A neighborhood is much like a person in that it carries both memories of the past and dreams for the future. These memories and dreams center around important landmarks, the people imagining and working for neighborhood restoration, and the stories that bind together those places and people. When given the opportunity, a neighborhood can also find new life and vibrancy as its memories are woven into a new reality.
Last weekend, in Lexington’s East End neighborhood, a culmination of memories and dreams was celebrated with The Grand Re-opening of the Lyric Theatre. Standing as a landmark for over 60 years, it served as an African American theater from 1948 to 1963. During the period of segregation, the Lyric became a “Lyceum of Dreams,” as described by Nikky Finney in her poem dedicated to the re-opening. Bringing performers from across the country, it welcomed to the stage artists ranging from Billie Holiday to B.B. King while welcoming folks from the neighborhood to enjoy the festivities.
Changes in the community, the economy, and the culture led to the closing of the theater’s doors. Not long after that, it transitioned from empty building to broken-down facade. The neighborhood began to wonder if there would be any future at all for the lovely Lyric.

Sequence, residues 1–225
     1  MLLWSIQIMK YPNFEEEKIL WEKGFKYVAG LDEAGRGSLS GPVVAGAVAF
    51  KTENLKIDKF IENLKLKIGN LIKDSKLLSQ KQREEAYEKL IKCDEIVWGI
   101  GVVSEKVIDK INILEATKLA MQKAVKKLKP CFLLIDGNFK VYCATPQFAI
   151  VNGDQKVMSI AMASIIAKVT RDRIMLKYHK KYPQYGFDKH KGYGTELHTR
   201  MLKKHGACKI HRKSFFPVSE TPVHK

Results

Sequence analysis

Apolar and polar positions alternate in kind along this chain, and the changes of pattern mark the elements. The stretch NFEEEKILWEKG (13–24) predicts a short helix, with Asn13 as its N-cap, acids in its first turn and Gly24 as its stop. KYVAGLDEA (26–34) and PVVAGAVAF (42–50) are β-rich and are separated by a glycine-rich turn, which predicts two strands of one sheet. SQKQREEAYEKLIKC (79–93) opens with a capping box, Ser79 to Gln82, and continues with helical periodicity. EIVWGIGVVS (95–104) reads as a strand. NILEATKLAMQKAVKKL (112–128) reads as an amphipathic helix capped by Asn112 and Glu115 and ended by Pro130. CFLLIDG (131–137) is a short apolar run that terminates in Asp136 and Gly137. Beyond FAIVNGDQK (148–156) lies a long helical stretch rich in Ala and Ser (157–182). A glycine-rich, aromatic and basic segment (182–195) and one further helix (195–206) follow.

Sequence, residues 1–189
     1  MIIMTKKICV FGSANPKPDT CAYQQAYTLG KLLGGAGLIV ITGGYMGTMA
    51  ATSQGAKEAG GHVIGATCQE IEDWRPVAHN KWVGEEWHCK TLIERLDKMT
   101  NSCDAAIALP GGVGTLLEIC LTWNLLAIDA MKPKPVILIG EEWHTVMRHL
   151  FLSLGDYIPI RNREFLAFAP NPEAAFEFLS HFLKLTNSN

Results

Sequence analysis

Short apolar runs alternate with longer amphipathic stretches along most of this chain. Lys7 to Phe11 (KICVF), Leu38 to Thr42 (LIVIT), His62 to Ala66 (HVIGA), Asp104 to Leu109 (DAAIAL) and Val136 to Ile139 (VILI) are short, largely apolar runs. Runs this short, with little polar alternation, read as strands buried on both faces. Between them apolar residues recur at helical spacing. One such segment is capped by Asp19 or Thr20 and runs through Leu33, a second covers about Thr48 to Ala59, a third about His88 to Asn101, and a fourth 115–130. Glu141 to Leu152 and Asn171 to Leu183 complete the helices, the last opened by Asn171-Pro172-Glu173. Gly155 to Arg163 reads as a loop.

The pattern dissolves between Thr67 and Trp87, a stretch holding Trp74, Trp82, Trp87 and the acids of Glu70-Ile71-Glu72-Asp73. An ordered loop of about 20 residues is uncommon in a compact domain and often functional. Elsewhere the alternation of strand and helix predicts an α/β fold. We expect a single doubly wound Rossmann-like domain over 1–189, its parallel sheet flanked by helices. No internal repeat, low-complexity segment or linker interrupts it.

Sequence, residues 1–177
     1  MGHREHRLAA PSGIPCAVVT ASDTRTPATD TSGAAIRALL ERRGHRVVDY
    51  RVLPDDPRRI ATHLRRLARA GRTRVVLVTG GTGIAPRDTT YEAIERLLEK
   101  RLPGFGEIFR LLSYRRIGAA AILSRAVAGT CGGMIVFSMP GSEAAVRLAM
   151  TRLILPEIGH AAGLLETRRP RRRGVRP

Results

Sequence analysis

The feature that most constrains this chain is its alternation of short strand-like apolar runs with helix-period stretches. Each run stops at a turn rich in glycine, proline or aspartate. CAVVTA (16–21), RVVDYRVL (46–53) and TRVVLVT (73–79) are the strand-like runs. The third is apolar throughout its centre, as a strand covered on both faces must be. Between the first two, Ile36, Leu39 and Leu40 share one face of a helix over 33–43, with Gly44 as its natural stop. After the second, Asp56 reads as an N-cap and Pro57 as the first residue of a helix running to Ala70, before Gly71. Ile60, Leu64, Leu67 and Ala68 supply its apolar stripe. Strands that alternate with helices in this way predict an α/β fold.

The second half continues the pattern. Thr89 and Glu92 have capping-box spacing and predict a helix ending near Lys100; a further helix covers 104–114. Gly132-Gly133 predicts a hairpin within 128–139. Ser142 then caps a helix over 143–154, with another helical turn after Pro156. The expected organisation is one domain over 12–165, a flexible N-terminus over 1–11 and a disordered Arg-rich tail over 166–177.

So, as with all important places, the Lyric found itself in need of people to imagine and work for its restoration. The stories of the long struggle to see this vintage theater’s doors reopen are not unlike testimonies of urban-renewal in post-Katrina New Orleans. Many individuals worked together tirelessly to champion the restoration of a building that, at times, seemed destined for demolition. As local activism brought momentum to the project, many continued to question the final outcome of their quest. However, the Lyric’s lights are on again.
Truly an important landmark, the Lyric carries a collection of memories that serve to bind past and present, people and place. As an African American Cultural Heritage Center, it provides a place for individuals to meditate on the struggle for civil rights and join the on-going conversation surrounding race and identity. It brings beauty, art, and inspiration to a place too often overlooked. Welcome, new neighbor!